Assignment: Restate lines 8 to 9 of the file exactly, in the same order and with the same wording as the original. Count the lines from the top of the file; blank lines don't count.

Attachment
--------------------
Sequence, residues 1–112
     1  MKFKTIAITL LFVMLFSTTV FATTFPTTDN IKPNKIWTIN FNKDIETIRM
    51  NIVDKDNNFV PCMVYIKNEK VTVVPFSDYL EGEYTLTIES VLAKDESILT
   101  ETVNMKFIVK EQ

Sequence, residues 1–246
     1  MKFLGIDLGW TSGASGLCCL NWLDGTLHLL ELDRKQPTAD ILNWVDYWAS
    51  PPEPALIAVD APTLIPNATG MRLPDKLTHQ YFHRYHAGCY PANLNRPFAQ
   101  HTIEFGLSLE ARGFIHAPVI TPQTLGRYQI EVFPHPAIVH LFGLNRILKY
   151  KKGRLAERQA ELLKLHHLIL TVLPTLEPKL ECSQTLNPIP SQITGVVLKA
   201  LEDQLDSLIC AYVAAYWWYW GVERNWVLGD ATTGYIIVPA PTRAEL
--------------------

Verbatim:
   101  HTIEFGLSLE ARGFIHAPVI TPQTLGRYQI EVFPHPAIVH LFGLNRILKY
   151  KKGRLAERQA ELLKLHHLIL TVLPTLEPKL ECSQTLNPIP SQITGVVLKA